Microsoft continued to manage criticism for several quality and testing of that updates in November, the month it resumed the Windows 10 version 1809 rollout, after the bug destroyed user data, and pulled an update for version 1803 that caused Blue Screens of Death (BSOD) on its flagship Surface Book 2.
Now, the lender has posted a completely new blog within their series explaining the ‘Windows strategy for quality’ and the efforts required to patch bugs quickly without causing headaches for users.
The post tries to assuage concerns that Microsoft isn’t adequately testing its software updates before releasing them how to the public.
The post is mostly a follow-up on quality updates after resuming the Windows 10 October 2018 Update.
Within a first post Microsoft’s corporate second in command of Windows, Michael Fortin, highlighted the complexness of treating millions of Windows drivers, several of which have since caused it to stop that update for users.
Today Fortin highlights the complexity of managing quality and security at scale, noting that “each month, we update more than one billion devices among desktop PCs and IoT devices to servers”, covering everything from the latest form of Windows 10 oh no – Windows XP for businesses on custom support agreements.
Fortin also offered an explainer on Microsoft’s various monthly updates, that have the Patch Tuesday update, better known as the B release on your second Tuesday of each one month.
There’s also the C and D releases that have already non-security fixes and which can be released within your third and fourth weeks using the month.
Fortin notes these include optional releases that users will have to actively seek. The other types of updates are out-of-band or ‘on-demand’ releases, like for example emergency fixes for critical security flaws or quality things which affect loads of devices.
The C and D releases were the center of attention earlier this month after an update for Windows 10 1803 triggered BSOD issues on Surface Book 2 devices.
As a IT pro noted right at that moment, Microsoft only tests these updates with Windows Insiders for ones latest version of Windows 10. Some Surface Book 2 owners criticized Microsoft for apparently not testing the update on its flagship Surface hardware.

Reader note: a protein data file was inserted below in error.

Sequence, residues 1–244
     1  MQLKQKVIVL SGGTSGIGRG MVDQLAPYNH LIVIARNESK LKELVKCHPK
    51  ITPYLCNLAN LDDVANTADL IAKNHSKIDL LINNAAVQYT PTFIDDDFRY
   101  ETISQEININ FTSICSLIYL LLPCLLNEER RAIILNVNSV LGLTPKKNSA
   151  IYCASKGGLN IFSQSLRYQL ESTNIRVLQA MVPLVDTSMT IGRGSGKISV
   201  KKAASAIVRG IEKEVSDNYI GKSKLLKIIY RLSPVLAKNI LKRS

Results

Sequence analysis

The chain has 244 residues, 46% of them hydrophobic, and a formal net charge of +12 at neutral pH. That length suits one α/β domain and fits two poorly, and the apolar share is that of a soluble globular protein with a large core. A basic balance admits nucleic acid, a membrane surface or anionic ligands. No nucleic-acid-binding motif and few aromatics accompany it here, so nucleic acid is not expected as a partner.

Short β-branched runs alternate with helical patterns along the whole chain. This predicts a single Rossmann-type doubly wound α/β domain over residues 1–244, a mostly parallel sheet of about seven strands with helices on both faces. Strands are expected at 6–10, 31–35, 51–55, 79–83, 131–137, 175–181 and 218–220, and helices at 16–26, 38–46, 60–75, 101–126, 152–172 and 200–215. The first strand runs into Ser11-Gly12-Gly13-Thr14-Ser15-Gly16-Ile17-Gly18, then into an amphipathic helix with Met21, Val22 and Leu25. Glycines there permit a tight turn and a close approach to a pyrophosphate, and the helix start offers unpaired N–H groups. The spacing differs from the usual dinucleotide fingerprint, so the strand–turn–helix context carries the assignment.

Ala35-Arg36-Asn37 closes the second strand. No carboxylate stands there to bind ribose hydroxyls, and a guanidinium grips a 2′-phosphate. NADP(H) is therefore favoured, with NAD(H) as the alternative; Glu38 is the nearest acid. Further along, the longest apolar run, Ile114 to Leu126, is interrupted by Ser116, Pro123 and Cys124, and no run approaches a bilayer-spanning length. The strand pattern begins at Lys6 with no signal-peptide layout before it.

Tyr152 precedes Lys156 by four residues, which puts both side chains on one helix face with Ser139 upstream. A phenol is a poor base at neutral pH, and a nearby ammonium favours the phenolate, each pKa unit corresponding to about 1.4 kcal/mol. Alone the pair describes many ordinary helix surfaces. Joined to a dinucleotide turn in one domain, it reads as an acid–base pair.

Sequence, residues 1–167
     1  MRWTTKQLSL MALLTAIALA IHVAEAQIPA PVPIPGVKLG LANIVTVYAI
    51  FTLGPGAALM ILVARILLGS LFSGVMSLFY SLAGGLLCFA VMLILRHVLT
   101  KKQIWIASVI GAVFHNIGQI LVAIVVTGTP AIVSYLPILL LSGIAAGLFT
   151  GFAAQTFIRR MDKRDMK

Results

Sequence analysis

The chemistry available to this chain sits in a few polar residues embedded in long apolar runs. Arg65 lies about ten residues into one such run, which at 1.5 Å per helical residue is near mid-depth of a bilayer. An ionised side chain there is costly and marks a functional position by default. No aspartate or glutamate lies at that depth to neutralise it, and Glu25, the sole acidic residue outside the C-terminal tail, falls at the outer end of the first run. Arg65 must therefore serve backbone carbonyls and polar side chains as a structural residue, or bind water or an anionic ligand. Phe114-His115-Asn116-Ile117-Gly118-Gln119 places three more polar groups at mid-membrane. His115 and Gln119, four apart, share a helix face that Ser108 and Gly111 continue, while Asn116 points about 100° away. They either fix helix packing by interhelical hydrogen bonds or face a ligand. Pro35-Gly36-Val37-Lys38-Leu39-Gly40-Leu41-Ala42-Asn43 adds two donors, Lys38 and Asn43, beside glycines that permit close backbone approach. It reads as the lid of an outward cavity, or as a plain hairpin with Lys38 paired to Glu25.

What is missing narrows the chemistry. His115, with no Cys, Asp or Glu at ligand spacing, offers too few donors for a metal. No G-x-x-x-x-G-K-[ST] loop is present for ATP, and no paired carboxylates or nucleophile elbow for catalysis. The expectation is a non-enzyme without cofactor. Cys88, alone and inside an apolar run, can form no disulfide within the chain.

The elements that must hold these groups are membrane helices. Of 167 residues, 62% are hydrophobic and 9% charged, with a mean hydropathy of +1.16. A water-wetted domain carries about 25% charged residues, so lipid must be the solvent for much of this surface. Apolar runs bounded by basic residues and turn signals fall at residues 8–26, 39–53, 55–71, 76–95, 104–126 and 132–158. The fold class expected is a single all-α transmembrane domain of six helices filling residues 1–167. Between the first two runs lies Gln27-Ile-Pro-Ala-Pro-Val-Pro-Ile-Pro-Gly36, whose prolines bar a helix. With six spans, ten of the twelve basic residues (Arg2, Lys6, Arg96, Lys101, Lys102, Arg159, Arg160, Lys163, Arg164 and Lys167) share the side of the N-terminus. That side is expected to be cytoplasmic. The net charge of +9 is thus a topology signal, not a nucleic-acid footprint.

However, Fortin says Microsoft engineers do use a “combination of testing procedures” to develop and validate all feature and security updates before unleashing them along the world.
These procedures get a Pre-release Validation Program (PVP); a Depth Test Pass (DTP) targeting code changes; a month-to-month Test Pass (MTP) that comes with tens of thousands of different devices to guarantee application and hardware compatibility; the fans Windows Insider Program with non-security fixes; additionally the invitation-only Security Update Validation Program for enterprise and ISVs which can be used to validate the outcome of security fixes before Patch Tuesday.
Fortin stresses that as patches and updates are freed the company also publishes related knowledge-base (KB) articles to refer to the issue and connect. And after that Microsoft’s telemetry systems monitor that the update has been doing among users.
This treatment includes live site validation testing (LSVT) to ensure the update exists on Windows Update and its successfully downloading and installing on devices.
Also, it monitors support service and feedback channels, and employs machine understanding how to help monitor social media optimisation and forums for reported problems.
For your credit, Microsoft ended up being particularly transparent about compatibility stuffs that have cropped up since re-releasing Windows 10 version 1809, updating consumer and enterprise customers about issues, resolutions and fixes about the Windows 10 1809 support page.
The page lists past and recurring blocks for iCloud users, Cisco enterprise users, customers with certain Intel drivers, therefore the just-fixed mapped drives bug.
“We need to improve this throughout 2019 in order to provide more information about our actions or partner actions to mitigate issues,” wrote Fortin.